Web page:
Civilian to military

learhawkerbe400

Well-Known Member
Gentlemen. Recently got a guard slot flying kc-135s. I am a former regional pilot now flying as a captain on a citation. I am curious how I should address my flying background once I get to upt. I don't want to lie about my past experience but I also don't want to come off as cocky or arrogant or entitled in anyway. I may have 4000 hours but I have zero in military aircraft. Just looking for some general advice on how to handle this potentially sticky subject. Thanks in advance
 

MikeD

Administrator
Staff member
I was the same way, just from cargo. Just show up and do your thing. It'll become apparent that you have experience. Just do your best and use that experience to help others out in class. Since you are Guard/Reserve, it's not like you're competing against anyone...you already have your aircraft. Do your best to cooperate and graduate. No need to address anything.

At the same time though, make sure you understand within yourself that you are there as a student, and be open to what's being taught to you. You may have bad habits and you will be treated like a newbie, which you are; just again use your experience to help you out with stuff, but do not let previous habits get in the way of anything. More guys with experience wash out of UPT than you would imagine......often its because they can't adapt.
 

The Fez

Aftplay Advocate
+1 on MikeD's post.

One of my best friends in UPT was/is a regional pilot. While he thought that a lot of the Air Force policies and procedures were ridiculous, he kept it to himself and ended up sweeping all the awards at graduation. If you're showing up with 4000 hours you'll probably have great hands and be able to fly an ILS to mins without breaking a sweat, but if you even so much as bend an AF flying regulation while doing so you're going to have a tough time.

At the end of the day, the AF could care less if you're Chuck Yeager. If you can't fly the aircraft in accordance with regulations, you'll be out the door with a nice footprint on your pants.

Stay humble, help your classmates (they'll need it), and learn what you can. Also, enjoy the T-6. It is one of the most fun aircraft you'll fly.

Congrats and good luck.
 

The Fez

Aftplay Advocate
This baby was fun.....good ole Superstitions in the background.

View attachment 21259
Hey, thanks for reminding me that the best pilot training base in the history of manned flight, and which would have kept me from living in the vast nothingness of West Texas, is closed. BTW, we need to go to the restaurant at the FBO at IWA. They kept the decorated ceiling tiles from the flight rooms. We need to find one "R. Drury" on one of them!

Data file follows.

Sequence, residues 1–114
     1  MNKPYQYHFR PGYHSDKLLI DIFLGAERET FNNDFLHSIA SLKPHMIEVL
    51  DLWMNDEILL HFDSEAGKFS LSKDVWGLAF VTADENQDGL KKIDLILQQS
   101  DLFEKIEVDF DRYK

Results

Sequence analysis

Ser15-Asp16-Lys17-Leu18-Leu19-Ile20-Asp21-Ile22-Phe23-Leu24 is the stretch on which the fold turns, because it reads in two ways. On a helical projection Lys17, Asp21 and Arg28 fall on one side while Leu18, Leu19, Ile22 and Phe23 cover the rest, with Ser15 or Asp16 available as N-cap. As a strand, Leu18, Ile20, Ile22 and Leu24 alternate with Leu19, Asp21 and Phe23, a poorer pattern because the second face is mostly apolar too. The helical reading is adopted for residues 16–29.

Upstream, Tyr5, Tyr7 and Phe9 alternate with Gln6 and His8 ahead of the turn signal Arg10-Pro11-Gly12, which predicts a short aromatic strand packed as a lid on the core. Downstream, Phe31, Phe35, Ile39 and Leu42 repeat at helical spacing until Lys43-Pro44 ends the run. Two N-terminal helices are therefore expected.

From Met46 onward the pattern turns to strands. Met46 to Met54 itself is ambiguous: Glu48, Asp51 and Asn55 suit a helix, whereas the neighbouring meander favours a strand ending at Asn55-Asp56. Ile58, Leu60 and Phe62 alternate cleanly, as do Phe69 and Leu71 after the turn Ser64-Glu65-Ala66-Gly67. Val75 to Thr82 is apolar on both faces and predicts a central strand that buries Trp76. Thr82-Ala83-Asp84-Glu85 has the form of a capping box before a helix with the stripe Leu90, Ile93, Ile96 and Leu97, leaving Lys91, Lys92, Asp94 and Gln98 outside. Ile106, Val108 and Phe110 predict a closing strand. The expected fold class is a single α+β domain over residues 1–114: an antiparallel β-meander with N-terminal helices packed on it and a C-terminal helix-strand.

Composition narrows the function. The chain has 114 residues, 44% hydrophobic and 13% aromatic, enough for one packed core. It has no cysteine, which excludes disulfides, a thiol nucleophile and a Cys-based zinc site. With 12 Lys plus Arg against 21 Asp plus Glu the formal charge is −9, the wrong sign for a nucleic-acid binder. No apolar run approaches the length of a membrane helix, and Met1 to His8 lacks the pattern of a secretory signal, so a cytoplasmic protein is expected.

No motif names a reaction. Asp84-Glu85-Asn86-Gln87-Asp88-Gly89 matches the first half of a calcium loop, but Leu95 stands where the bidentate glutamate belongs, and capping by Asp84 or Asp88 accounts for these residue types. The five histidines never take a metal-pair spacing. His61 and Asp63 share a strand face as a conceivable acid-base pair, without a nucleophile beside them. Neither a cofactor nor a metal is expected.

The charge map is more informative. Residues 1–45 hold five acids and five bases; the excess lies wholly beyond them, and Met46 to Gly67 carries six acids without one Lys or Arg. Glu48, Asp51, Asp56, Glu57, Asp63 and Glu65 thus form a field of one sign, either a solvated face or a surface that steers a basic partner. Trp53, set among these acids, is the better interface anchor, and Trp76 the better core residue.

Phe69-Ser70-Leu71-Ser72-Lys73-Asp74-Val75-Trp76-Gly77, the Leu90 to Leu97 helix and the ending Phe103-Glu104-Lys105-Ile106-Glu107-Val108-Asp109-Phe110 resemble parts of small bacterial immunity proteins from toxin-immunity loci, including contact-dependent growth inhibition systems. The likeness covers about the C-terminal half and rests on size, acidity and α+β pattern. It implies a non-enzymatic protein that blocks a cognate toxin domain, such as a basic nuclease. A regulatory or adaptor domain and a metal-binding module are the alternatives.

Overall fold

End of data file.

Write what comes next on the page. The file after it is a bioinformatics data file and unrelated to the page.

MikeD

Administrator
Staff member
Hey, thanks for reminding me that the best pilot training base in the history of manned flight, and which would have kept me from living in the vast nothingness of West Texas, is closed. BTW, we need to go to the restaurant at the FBO at IWA. They kept the decorated ceiling tiles from the flight rooms. We need to find one "R. Drury" on one of them!
Hell yes we do. I believe they have a number of the tiles from various classes. Did I ever show you the class graduation books from 1962 to 1981 that I have from there? Got them along with other stuff in '93 just after the base closed, and as they were being loaded onto a trash truck to be hauled off. A whole hangar full of memoribilia.....I maybe salvaged about 2% of it before the rest was hauled off to the dump.
 

learhawkerbe400

Well-Known Member
Thanks for the responses guys. Guess the best idea is to just work hard and do everything their way. Really looking forward to the whole process. The active duty guys are lucky I'm going heavies or else I'd be taking one of their coveted t-38 slots from them because everyone knows ex-regional pilots are beyond awesome. (sarcasm)
 

MikeD

Administrator
Staff member
The active duty guys are lucky I'm going heavies or else I'd be taking one of their coveted t-38 slots from them because everyone knows ex-regional pilots are beyond awesome. (sarcasm)
Don't make me puke.....you button pushing, IFR everywhere, gel haired, backpack carrying, Ipod wearing, gear monkey. :D
 

jskibo

Done
Just remember that the enlisted maintainers are god like and should be treated with great respect and reverence, though genuflecting is not always required :)
 

USMCmech

Well-Known Member